Jason’s kids should be back home ‘where they belong’ – brother
THE brother of Jason Corbett, who was bludgeoned to death in the US, today said that his children have to be brought back to Ireland “where they belong”.
He said the custody battle with Jason’s wife Molly Martens – who has been quizzed by police over the killing – has been “surreal and traumatic”.
Jack (10) and Sarah (8) had been staying with Ms Martens since their father’s death at his home in North Carolina on August 2.
The children’s mother, Jason Corbett’s first wife Mags, died from an asthma attack in 2006.
Jack and Sarah have now been handed over to Jason’s sister, Tracey Lynch, after a ruling by a judge in North Carolina.
Speaking to the Herald today, John Corbett said that to face the trauma of a custody battle for their niece and nephew against the backdrop of the violent death of their brother was “surreal and traumatic”.
“Despite that, this is a move in a positive direction and we hope that the court will tomorrow rubber-stamp the decision and Jack and Sarah will be able to come home,” John said.
“Their handprints are in the concrete in my mother’s back garden and this is where they belong,” he added.
“We are now hoping to organise Jason’s funeral so that we can grieve as a family and focus on Jack and Sarah to help them deal with the death of their father,” he added.
The Corbett family’s attempts to gain custody of the children were opposed by the Martens family.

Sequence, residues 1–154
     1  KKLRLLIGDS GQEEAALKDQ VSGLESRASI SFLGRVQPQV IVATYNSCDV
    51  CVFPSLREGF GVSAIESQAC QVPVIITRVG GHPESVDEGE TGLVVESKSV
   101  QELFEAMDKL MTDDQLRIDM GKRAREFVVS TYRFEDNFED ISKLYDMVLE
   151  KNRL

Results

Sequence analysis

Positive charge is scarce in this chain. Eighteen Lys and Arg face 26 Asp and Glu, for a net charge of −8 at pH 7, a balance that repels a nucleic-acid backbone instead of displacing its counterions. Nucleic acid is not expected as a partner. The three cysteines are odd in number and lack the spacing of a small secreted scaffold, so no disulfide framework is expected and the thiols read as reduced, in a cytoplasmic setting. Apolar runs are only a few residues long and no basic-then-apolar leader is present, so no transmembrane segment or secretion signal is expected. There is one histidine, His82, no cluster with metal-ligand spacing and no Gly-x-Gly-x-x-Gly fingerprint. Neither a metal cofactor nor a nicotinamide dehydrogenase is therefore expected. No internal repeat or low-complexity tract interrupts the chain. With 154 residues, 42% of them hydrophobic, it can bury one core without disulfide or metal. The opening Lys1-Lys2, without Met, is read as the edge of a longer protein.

Police in North Carolina continue to investigate Mr Corbett’s death.
Ms Martens and her father, Thomas Martens (65), are named on police records as ‘persons of interest’ in the case.
Mr Martens, a former FBI agent, told 911 operators he had been “in an argument” with his son-in-law and that he had “struck him with a baseball bat”.
According to an police report, the incident was recorded as “an assault” by 911.
Jason had decreed in his will that in the event of his death, his children should be cared for by his sister Tracey and her husband, David Lynch, who travelled to the US after his death.
A hearing for guardianship was held on Friday and a North Carolina official presiding over the case ordered on Monday that the children be taken from the care of Martens.
The order stated that the court had “determined it is in the best interest of the minor child to appoint applicants Tracey and David Lynch, paternal aunt and uncle, as guardians.”
On foot of the order, officials from the Department of Social Services travelled to the address in Munroe, North Carolina, where Molly Martens was staying with the children, and removed them.
It is understood the hand-over was tense and Martens had to give the passports of both children to officials.
The children were then brought to the Davidson Department of Social Services Office in Lexington, where they waited until they were collected by Tracey on Monday night.
Under the terms of the order, Martens was granted a one-hour supervised visit with the children yesterday.
All concerned parties now have to attend a custody hearing tomorrow where it is expected that the judge, will dissolve the hearing in light of the ruling.
The children will have to stay in North Carolina until then, but the ruling will bring the Lynch family another step closer to bringing the children back with them to Limerick, where the funeral of Jason has been postponed until their arrival.